BLOOM’s research activities
BLOOM engages in independent research to produce critical analysis and expertise, providing an alternative perspective to the dominant lines of thought about fisjhing as well as the lack of transparency surrounding data on public funding.
BLOOM is inspired by the scientific work that Daniel Pauly conducted with his teams at the University of British Columbia in Canada and desires, naturally on a much smaller scale (it is a very large university research team), to create a similar research hub in France, free from various pressures and from productivist dogma. Today in France, as in many powerful fishing nations (Spain, Portugal, Iceland, Norway, Japan etc.), researchers are often still trained in a culture of optimiseing productivity and returns.
They consequently struggle to integrate the environmental and ecosystemic dimension into their thought and management model, a phenomenon brilliantly described and analysed by Daniel Pauly in a recent article (an essential read): “Beyond duplicity and ignorance in global fisheries” (2009).
November 2011 – An investigation into the market of deep-sea shark liver oil The hideous price of beauty
September 2011 – Study on Deep-Sea Fisheries (English) Deep-Sea Fisheries in France: a Historical and Economic Perspective
May 2011 – Deep-Sea Fisheries Report (French) The Ecological and Socio-Economic Profile of Deep-Sea Fisheries
May 2011 – BLOOM’s Study on School Canteens (full manuscript – French) Do our children eat at-risk fish species?
May 2011 – BLOOM’s study on school canteens (summary – English) At-risk fish species served in school canteens
BLOOM conducted a survey on the use of shark liver oil in cosmetics and it revealed that the cosmetics industry was the greatest user of animal squalene in the world. This is despite the fact that the big, Western cosmetics companies have a commitment not to use squalene of animal origin in the formulation of their creams. This confirms the work of CNRS who found that 7/8 creams contained squalene from animals, even though substitutes, from olives or sugar, exist.
BLOOM’s scientific works
29 September 2012 – Publication scientifique : S. Villasante et al., Sustainability of deep-sea fish species under the European Union Common Fisheries Policy. Ocean & Coastal Management (2012). Sustainability of deep-sea fish species under the European Union Common Fisheries Policy
31 August – 3 Sept 2010 – Summary of an International Scientific Workshop (English) Can ecosystem-based deep-sea fishing be sustained?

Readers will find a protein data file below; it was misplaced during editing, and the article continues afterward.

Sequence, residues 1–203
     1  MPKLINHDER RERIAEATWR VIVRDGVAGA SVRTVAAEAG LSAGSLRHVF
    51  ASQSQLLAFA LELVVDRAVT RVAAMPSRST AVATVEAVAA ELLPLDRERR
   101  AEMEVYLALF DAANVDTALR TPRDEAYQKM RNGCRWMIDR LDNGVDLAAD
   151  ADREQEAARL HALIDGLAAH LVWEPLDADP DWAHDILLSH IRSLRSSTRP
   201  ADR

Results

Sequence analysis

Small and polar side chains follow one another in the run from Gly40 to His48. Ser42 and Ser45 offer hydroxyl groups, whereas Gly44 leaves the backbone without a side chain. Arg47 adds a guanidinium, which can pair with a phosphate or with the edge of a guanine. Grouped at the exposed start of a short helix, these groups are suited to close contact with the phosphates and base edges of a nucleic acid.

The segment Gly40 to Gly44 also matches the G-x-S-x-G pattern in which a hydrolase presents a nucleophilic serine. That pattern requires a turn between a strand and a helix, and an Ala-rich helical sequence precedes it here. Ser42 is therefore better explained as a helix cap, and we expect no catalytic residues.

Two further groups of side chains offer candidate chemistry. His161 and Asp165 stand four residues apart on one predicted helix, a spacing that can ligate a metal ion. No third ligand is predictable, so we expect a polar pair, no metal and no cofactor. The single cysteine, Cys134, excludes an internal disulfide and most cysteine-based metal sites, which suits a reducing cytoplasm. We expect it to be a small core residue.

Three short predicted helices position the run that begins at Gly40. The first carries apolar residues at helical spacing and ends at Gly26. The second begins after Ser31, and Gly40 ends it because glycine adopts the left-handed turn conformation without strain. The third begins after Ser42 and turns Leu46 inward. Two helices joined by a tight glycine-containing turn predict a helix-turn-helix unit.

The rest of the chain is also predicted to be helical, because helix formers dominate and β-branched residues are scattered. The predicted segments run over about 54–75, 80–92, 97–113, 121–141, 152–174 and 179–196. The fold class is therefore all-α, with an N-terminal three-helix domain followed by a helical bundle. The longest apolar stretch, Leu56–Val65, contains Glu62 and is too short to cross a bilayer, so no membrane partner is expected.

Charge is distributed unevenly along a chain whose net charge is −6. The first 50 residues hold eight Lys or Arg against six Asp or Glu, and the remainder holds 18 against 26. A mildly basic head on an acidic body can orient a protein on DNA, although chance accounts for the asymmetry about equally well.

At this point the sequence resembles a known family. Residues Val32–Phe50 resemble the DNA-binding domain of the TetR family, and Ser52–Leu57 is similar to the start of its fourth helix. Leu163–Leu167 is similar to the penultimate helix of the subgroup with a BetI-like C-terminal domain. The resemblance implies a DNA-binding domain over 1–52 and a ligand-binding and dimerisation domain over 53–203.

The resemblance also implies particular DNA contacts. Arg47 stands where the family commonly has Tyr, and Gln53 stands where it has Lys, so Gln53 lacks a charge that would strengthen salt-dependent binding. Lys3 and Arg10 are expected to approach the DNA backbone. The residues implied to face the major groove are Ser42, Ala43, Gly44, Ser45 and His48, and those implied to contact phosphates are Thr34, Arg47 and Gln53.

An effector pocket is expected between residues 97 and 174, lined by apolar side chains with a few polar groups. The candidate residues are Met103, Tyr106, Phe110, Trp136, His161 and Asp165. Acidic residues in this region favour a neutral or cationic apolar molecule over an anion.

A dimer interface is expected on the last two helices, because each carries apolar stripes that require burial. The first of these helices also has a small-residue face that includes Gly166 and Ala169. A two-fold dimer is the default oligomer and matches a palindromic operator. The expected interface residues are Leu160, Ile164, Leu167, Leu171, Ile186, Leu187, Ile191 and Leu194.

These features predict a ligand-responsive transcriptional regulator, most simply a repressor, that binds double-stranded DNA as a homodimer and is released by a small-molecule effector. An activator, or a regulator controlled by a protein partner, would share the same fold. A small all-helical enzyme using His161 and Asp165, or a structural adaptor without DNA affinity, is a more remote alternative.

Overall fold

Consumption Guide June 2011 – BLOOM’s Guide (French) Guide to Sustainable Fish Consumption The fraud of the French “Deep-Sea Mission” – November 2010 Letter to French Minister of Ecology Jean-Louis Borloo: English version | French version Appendices to the letter to Jean-Louis Borloo, dated 2 November : English version | French version
Documents of partner organizations : Deep Sea Conservation Coalition and The Pew Environment Group
May 2011 – Information on the deep sea (French) Top 10 : Panorama of Deep-Sea Fishing in the North-East Atlantic
May 2011 – Deep Impact (French) Les faits, rien que les faits… sur les grands fonds marins et la pêche en eaux profondes dans l’Atlantique nord-est
March 2011 – The Deep Sea Conservation Coalition 2011-2012 Overview
The European Commission has just, in 2012, reiterated that only 22% of fish stocks in Europe are not overexploited: Communication from the commission to the council concerning a consultation on Fishing Opportunities for 2013 “It is worrying that in European waters 65% of the stocks are not fully assessed and only 22% of stocks under TACs known not to be overfished (Annex I). Futhermore, the tendency over the past years has been that a decreasing proportion of stocks (from 47% in 2003 to 35% in 2012) can be classified according to safe biological limits.”
- 11.38% of fishing trips (19 out of 167) were observed. In the Southern Ocean (French Southern and Antarctic Territories), for toothfish fisheries, 100% of trips were observed.
- 144 species were caught (for three main target species)
- Discards accounted for an average of 20.6% of the weight, and up to 52.8%
- With a 100-119mm mesh size, nearly 80 bycatch species caught
- With a 120-139mm mesh size, nearly 100 bycatch species caught
- The main discard species in weight terms were Alepocephalus bairdii (Baird’s slickhead) and greater argentine.
- The spiny dogfish, a critically endangered shark, featured among those species caught.
- For West Scotland only, deep-water species (code: “OTB_DWS”)
- There are 5 French deep-sea trawlers in the zone
- Their landings represent 22% of landings in weight from the zone and 33% in value
- Sampling of fishing trips for deep-water species in
– 2003: 0 – 2004: 4.49% – 2005: 4.24% – 2006: 3.86% – 2007: 0 – 2008: 4.29%
- DISCARDS between 2003-2008 for French deep-sea trawlers operating in West Scotland:
- Average : 29%, Minimum 3%, maximum 82%
Declared sales at fish auctions (2009) (in French): Données de ventes déclarées en halles à marée Annual fishing and aquaculture production summary (2008) (in French): Bilan annuel de production 2008 pêche et aquaculture Observations on board fishing ships – Sampling summary 2010 (in French): Observations à bord des navires de pêche – Bilan de l’échantillonnage 2010